with guiding block, you provide the energy and general direction and delta-v for your ingots, space truck catches them and its role is to fine-adjust the orbit to make gravitational reverse slingshot maneuver and insert into the orbit of the earth.

also, to cause an extinction event you need to shoot a very big lump of metals as if you shoot them as 1-10-100kg pebble even if it coincidently crosses earth's atmosphere it will be funny sparks in the sky, and people will make wishes when they see them.

if it is big, really big

Let's say you have the means to accelerate big objects, 1000's of tons, and more.

Then you have all the means for making a canister with cold thrusters, which works on the oxygen you extract from oxides of those metals, which is about 40% by mass of those materials. And using that mass of oxygen you can maneuver to make a proper insertion.

so your asteroid contains everything you need to make a self-delivering package if you are able to provide it with an initial kick.

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  • $\begingroup$ I was thinking more about 1-5 tons, but thanks for the idea. I should specify the size and weight. $\endgroup$ Mar 29, 2021 at 19:05
  • $\begingroup$ @randominternetperson it also makes sense to add how far apart are those orbits in terms of delta-v, as about half of that delta is the difference between earth and those ingots. may or may not be relevant for someone. $\endgroup$
    – MolbOrg
    Mar 29, 2021 at 19:13
  • $\begingroup$ Orbital speeds are 10s of km/s. What do you use to move your space truck? $\endgroup$
    – puppetsock
    Mar 30, 2021 at 2:07
  • $\begingroup$ @puppetsock it is the same problem as in "how all that mining and refining equipment got to that asteriod" there are multiple ways. Space truck clearly space to space construction, so it is not 10km/s, depends where that asteriod is. Structural part of it can be build on same asteroid, what it needs to be send is brains and navigation comunication equipment. So there are different ways. I do not hold asteriod mining as a great idea, at initial stages of space exploration, but all that is up to OP. Space truck is just a solution which does not bring more handwavium than there is already. $\endgroup$
    – MolbOrg
    Mar 30, 2021 at 6:49
  • $\begingroup$ @puppetsock judging by other comments, main point of space truck is in getting in orbit around earth, not land on it, unloading can be a different problem. It needed to make gravitional deaceleration maneuver and make enough kick to close orbit around earth. So it for making precise orbit intersections $\endgroup$
    – MolbOrg
    Mar 30, 2021 at 6:58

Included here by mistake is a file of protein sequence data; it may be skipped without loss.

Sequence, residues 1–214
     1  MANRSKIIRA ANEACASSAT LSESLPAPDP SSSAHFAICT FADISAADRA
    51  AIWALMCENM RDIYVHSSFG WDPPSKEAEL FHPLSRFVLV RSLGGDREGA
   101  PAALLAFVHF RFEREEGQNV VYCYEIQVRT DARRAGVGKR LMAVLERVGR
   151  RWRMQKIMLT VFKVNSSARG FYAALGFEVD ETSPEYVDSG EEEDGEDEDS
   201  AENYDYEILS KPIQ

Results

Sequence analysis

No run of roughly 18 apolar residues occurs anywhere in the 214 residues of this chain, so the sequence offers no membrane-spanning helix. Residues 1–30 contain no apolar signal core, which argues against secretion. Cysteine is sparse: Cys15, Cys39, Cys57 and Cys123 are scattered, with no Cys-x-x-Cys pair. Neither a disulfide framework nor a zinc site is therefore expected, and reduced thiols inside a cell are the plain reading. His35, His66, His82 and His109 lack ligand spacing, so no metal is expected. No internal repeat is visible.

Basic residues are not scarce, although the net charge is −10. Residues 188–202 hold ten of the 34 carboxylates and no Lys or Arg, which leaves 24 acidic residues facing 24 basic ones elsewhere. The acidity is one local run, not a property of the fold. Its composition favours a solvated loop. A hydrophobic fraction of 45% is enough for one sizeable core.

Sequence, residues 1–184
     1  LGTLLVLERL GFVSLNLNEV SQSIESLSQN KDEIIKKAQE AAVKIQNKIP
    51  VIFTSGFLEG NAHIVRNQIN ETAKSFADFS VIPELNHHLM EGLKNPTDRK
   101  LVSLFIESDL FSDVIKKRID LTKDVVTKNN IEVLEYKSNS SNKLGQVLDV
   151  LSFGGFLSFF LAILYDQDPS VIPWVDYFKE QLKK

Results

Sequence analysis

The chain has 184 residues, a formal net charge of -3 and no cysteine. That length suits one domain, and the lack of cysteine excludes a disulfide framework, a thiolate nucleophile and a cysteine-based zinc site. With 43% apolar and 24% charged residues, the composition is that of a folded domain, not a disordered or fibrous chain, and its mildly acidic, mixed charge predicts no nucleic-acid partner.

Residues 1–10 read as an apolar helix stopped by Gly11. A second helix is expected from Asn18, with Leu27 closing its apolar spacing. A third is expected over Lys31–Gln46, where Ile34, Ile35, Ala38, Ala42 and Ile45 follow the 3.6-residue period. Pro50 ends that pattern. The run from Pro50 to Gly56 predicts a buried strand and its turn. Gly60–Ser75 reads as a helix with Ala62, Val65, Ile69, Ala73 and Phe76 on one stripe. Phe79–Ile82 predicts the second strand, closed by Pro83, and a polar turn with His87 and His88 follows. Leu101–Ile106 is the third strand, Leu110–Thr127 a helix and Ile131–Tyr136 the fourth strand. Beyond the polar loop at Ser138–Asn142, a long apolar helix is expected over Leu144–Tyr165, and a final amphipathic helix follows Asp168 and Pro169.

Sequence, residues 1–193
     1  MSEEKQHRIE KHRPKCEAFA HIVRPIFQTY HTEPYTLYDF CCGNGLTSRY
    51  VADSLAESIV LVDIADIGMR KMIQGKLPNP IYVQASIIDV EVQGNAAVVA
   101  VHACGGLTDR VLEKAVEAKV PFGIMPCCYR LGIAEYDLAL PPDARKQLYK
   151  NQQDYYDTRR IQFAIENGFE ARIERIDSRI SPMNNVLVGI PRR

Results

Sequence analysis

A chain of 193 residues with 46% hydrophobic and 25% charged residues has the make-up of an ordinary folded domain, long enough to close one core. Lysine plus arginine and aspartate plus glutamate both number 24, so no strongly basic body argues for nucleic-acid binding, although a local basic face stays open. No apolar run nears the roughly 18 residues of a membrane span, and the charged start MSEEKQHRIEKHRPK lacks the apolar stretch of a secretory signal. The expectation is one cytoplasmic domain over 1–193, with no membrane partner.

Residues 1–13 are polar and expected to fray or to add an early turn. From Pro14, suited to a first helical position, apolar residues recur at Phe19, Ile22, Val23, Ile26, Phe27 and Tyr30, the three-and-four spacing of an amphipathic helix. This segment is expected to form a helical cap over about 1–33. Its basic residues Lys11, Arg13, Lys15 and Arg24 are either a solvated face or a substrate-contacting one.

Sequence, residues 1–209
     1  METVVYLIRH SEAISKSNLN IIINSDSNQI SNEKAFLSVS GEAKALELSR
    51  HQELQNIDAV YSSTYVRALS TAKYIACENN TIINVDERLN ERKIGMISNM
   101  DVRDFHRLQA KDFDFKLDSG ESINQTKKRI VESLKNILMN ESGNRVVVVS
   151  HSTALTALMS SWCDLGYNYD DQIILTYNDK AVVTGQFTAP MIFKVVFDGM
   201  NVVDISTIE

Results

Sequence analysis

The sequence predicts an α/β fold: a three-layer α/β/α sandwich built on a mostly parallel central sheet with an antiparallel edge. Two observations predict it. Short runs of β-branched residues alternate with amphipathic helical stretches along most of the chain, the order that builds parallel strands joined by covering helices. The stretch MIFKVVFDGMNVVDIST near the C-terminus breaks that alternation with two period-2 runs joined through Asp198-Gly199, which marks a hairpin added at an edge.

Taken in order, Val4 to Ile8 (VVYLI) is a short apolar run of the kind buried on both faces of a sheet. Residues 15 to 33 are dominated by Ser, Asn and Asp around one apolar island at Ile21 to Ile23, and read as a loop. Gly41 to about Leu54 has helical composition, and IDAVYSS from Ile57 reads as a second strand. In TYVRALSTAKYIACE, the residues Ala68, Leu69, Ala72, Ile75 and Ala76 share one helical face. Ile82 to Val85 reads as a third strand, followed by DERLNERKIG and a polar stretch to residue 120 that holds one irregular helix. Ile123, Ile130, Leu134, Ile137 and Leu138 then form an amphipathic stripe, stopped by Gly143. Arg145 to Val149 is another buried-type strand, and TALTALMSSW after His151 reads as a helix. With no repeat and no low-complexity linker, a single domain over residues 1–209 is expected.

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shape your copper ingots like a coil, your iron ingots like a cylinder, and give the iron ingots a magnetic field. Then shoot them such that they "collide" on the other side of the Earth. By "collide" I mean the cylinder passes through the center of the copper coil. The eddy currents on the copper coil will serve as a dampener and this will result in a controlled inelastic collision.

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  • $\begingroup$ It's a ridiculous accuracy story, but let that pass. Do the following math. How much energy is required to slow a 1 ton projectile from 10 km/s to zero? And what temperature will copper be heated to if it absorbs that much heat? AND what acceleration is required to do this in, say, 100 meters? Does any part of this thing make it to the ground, or is it very small shrapnel even if it works as intended? $\endgroup$
    – puppetsock
    Apr 5, 2021 at 20:07
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Before I get into my answer to your question, I'd just like to request that you give me a little warning before you begin your bombardment. I'd like a chance to not be here when death starts raining from the skies, thanks.

Anyway...

Unguided masses shot in the general direction of Earth are going to wander, no matter how tightly you control the firing mechanism. You'd need to spend a tremendous amount of effort on balancing them for starters, and you've already allowed for a 50% variance in mass, each 'shot' would require a fairly large amount of computation, etc. It's a big, expensive job.

Once you solve those problems there are a slew of others just waiting for you at the other end. Firing into a gravity well speeds up your projectiles, so they're going to arrive going faster than they were when you launched them. The Sun's gravity will speed them up while they approach, then the Earth-Moon system will pull them in even faster. You're looking at a very large amount of kinetic energy to try to bleed off once they arrive.

Most of the normal solutions for the problem will fail in the face of this massive kinetic energy. Aero-braking for instance exchanges kinetic energy for heat, which is likely to result in your deliveries vaporizing in the atmosphere. While some of that heat will radiate away into space, the majority of it will get added to the Earth's total heat. Keep it up long enough and... well, we won't have to worry about the next ice age, I guess.